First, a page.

I drove north on 55 toward McCall. The windy, hilly, & unpredictable road was awakening (& so was the 20oz of green tea I gulped before the drive). The deer that jumped in front my car also kept me alert! The biggest challenge was holding myself back from stopping every minute to take a picture of the beautiful scenery. Seriously, Idaho is the most beautiful state I have yet visited. The drive reminded me of the landscape in Patagonia, Chile….untouched…serene…beautiful landscapes. And so much history. There were several historical landmarks & geological stops.
On the drive I thought about many different topics…one focal point was around life, work, & goals. Driving through Idaho is beautiful and being here is eye opening to the various lifestyles people live. I met little store owners that are perfectly satisfied with owning a little store & living in an amazing place. I see two distinct sides to the whole life, work path:
- Working to Live. Working to support a lifestyle that you want to lead. Working just enough, so you can financially support yourself (& family if you have one). There is appeal to the idea of living a full life, working to live, not necessarily living to work. Some of the most happy people I know live this way. They seem so fulfilled, down to earth, & loving life.
- Living to Work. Work is the focal point of life. Eat, drink, sleep work. Work super duper hard for several years, live to work, become financially successful. I don’t think this is sustainable over an entire lifetime (or if it is, it will be a short lifetime). I see people that live this way, who after becoming financially successful, take some serious “time off” from the work to live lifestyle, go escape to a place like Idaho to lead a relaxing, sustaining life, fishing, camping, & working to live, as an end, or a break between “living to work” sprints.
What is the right path in life? This is one question that I think doesn’t have an answer. Or perhaps the answer can just be that there is no right way. Just different ways. Different ways to live & pursue life challenges & goals.
In one of my classes at the Ross Business School at the University of Michigan we heard the story of the Mexican Fisherman. The story goes a bit like this…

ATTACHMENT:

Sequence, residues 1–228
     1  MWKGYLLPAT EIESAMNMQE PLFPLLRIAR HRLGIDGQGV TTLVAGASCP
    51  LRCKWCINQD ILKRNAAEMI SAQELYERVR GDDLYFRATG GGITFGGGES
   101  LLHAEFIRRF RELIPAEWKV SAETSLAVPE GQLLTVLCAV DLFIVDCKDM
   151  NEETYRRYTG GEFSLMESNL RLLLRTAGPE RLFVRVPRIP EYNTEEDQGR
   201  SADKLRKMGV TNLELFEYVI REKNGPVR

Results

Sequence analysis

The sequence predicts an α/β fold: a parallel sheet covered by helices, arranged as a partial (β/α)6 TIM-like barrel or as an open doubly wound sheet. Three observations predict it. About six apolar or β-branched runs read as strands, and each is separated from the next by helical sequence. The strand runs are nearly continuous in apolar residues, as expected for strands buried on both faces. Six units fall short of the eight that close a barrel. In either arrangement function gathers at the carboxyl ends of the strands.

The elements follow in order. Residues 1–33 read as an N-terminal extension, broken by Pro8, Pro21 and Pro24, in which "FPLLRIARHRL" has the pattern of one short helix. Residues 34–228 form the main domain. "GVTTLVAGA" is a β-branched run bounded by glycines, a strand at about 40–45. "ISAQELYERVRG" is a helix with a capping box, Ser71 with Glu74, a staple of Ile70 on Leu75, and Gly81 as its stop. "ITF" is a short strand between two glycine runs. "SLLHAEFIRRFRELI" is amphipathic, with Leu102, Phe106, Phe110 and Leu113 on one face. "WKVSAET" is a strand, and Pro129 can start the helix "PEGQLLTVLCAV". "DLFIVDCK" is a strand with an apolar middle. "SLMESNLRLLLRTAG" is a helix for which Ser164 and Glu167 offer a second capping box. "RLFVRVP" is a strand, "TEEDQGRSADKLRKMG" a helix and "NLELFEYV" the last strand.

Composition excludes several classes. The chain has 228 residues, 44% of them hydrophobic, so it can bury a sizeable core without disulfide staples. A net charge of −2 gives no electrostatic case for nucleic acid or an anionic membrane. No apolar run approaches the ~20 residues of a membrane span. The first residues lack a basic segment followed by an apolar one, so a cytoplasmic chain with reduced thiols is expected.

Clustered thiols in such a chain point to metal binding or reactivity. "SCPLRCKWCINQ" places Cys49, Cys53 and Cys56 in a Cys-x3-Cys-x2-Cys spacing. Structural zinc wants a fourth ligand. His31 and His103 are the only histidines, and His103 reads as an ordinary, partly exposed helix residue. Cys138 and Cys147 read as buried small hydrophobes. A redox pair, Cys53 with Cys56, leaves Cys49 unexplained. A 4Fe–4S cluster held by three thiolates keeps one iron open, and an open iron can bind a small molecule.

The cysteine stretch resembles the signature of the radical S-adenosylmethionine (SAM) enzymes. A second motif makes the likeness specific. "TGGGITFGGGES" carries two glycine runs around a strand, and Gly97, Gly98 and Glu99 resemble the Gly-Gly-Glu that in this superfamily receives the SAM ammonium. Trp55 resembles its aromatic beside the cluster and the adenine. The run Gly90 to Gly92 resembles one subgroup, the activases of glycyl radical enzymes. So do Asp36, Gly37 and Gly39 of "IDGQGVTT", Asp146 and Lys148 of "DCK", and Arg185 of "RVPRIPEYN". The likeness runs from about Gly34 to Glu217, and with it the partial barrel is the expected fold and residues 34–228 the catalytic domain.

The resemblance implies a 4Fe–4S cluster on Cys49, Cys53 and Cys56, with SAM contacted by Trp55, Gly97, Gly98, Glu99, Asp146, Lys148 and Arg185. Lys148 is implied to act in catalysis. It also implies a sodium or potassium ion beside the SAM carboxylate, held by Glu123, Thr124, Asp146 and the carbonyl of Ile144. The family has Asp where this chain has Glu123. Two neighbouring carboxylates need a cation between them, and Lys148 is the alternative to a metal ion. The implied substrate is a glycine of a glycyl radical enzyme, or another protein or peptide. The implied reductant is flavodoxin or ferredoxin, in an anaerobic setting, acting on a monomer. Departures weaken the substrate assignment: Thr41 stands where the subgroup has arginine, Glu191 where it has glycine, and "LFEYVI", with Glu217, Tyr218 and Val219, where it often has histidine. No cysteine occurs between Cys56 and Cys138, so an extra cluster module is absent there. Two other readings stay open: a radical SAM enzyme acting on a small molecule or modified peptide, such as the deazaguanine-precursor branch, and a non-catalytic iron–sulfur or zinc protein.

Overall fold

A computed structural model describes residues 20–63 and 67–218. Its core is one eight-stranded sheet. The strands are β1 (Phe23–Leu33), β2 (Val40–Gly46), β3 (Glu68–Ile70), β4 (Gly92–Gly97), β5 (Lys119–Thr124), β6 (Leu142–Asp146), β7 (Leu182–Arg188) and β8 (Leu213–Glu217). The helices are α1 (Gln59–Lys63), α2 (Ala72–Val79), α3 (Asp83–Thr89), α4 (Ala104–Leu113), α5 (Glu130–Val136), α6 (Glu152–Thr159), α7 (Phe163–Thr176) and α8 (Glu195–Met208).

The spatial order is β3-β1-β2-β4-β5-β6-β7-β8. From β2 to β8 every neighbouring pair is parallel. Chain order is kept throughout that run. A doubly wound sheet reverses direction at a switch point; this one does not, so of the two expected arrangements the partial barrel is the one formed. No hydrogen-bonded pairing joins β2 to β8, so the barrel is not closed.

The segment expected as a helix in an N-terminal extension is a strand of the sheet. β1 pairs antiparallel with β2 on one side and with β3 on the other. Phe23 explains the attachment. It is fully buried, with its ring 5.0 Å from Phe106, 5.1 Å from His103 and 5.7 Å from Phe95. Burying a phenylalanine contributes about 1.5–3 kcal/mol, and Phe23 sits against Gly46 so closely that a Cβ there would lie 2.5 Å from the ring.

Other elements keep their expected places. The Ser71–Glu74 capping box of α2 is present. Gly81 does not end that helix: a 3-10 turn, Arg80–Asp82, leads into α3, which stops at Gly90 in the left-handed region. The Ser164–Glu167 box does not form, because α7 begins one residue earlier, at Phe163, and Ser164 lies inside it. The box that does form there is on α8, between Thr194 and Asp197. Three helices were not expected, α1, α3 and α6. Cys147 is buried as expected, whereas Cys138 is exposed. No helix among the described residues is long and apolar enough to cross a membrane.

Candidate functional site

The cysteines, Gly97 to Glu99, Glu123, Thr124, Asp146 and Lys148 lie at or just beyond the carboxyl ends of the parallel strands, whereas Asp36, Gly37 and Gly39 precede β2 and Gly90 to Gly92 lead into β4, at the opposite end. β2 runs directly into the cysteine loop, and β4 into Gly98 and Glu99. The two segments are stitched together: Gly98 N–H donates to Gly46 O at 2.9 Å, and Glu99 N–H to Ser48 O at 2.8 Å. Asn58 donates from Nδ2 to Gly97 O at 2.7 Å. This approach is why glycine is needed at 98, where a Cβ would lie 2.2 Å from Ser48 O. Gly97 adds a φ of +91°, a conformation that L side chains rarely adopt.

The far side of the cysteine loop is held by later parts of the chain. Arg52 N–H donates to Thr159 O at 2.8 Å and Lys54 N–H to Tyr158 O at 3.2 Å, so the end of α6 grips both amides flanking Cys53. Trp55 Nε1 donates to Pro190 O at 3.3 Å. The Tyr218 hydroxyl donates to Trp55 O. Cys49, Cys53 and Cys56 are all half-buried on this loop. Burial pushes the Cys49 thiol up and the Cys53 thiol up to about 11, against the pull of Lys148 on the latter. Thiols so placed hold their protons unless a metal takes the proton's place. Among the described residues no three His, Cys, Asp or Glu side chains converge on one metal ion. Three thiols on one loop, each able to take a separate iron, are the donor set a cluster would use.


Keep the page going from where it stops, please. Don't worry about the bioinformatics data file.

An investment banker visits a little town in Mexico & meets a fisherman there. He asks the fisherman questions about why he is fishing, how much fish he catches, & what he does with the fish. The fisherman tells him that he fishes to feed his family & extra fish he gives to other folks in the community. The banker asks him about whether or not he considers selling his fish…to which the fisherman answers that he just needs enough to live. The banker continues to paint a grandiose (in his mind) image about what the Mexican fisherman could become…he could catch more fish, sell his fish, hire people to help him fish, sell more fish, move to NYC to build his company office & run his company from there, sell more fish, grow more, sell more fish, & so forth. The fisherman continually asks “then what?” as the banker continues to pile on the vision. ”Well then you could sell the company”, says the banker. ”Then what?” replies the fisherman. The banker responds, “Then you can retire, move with your family to a small town in Mexico, where you can spend your days fishing in a boat & time with your family”.
I love this story because it so clearly paints a pictures of the “Working to Live” vs. “Living to Work” paths in life. The Mexican fisherman is working to live. The banker tells him a path that requires Living to Work until he can Work to Live or work no more. To the Mexican fisherman, doing anything but what he is doing doesn’t quite make sense. Why take a roundabout way to get to point B, when you can just take a straight path?
With anything, I’m a big believer that it’s about the process & not the destination. If you don’t enjoy the process, the journey to get somewhere, you’re almost destined to be disappointed. To the Mexican farmer, the process of building this huge company to get to the end destination (a place he already is) is not appealing. In fact, too much focus on the end goal versus the process is a factor that can lead many entrepreneurs to doomsday.
That still doesn’t answer the question, What is the right path to life? I still believe the answer is that there is no right answer. The choice will influence the path, the process, the journey. Consider those paths. Which is right for you?!
mel, the venture gal